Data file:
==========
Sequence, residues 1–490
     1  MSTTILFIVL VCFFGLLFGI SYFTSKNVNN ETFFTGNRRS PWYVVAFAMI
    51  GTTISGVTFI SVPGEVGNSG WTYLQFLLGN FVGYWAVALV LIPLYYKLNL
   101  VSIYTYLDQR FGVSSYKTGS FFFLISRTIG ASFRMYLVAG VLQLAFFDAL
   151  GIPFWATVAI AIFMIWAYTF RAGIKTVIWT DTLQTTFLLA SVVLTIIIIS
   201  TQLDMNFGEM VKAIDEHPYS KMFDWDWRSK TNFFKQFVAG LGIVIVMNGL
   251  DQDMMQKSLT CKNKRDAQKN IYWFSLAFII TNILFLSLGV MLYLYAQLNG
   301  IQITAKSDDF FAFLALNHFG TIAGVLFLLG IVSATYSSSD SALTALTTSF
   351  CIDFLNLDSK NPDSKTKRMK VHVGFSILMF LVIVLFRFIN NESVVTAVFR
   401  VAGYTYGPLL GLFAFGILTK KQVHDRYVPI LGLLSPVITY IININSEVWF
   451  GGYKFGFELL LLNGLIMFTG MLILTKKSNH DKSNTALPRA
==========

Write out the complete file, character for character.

Sequence, residues 1–490
     1  MSTTILFIVL VCFFGLLFGI SYFTSKNVNN ETFFTGNRRS PWYVVAFAMI
    51  GTTISGVTFI SVPGEVGNSG WTYLQFLLGN FVGYWAVALV LIPLYYKLNL
   101  VSIYTYLDQR FGVSSYKTGS FFFLISRTIG ASFRMYLVAG VLQLAFFDAL
   151  GIPFWATVAI AIFMIWAYTF RAGIKTVIWT DTLQTTFLLA SVVLTIIIIS
   201  TQLDMNFGEM VKAIDEHPYS KMFDWDWRSK TNFFKQFVAG LGIVIVMNGL
   251  DQDMMQKSLT CKNKRDAQKN IYWFSLAFII TNILFLSLGV MLYLYAQLNG
   301  IQITAKSDDF FAFLALNHFG TIAGVLFLLG IVSATYSSSD SALTALTTSF
   351  CIDFLNLDSK NPDSKTKRMK VHVGFSILMF LVIVLFRFIN NESVVTAVFR
   401  VAGYTYGPLL GLFAFGILTK KQVHDRYVPI LGLLSPVITY IININSEVWF
   451  GGYKFGFELL LLNGLIMFTG MLILTKKSNH DKSNTALPRA